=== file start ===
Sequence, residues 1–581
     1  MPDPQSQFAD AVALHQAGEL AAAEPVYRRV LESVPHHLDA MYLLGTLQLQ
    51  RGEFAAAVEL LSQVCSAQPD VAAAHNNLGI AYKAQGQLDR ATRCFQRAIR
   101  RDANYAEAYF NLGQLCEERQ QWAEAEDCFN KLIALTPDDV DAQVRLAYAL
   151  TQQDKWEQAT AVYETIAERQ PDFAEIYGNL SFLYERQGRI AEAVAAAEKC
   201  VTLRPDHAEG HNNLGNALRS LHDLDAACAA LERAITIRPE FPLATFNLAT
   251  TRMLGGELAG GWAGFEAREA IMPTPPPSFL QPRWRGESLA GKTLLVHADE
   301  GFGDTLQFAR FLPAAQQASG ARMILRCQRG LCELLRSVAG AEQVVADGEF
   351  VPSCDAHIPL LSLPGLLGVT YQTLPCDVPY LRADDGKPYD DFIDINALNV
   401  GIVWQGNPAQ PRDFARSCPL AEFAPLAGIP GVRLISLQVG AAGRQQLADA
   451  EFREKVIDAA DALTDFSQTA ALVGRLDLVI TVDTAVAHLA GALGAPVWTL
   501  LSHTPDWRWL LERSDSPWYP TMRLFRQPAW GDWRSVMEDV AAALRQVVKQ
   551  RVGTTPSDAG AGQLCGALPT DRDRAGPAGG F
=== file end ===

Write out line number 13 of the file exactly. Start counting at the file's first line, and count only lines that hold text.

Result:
   551  RVGTTPSDAG AGQLCGALPT DRDRAGPAGG F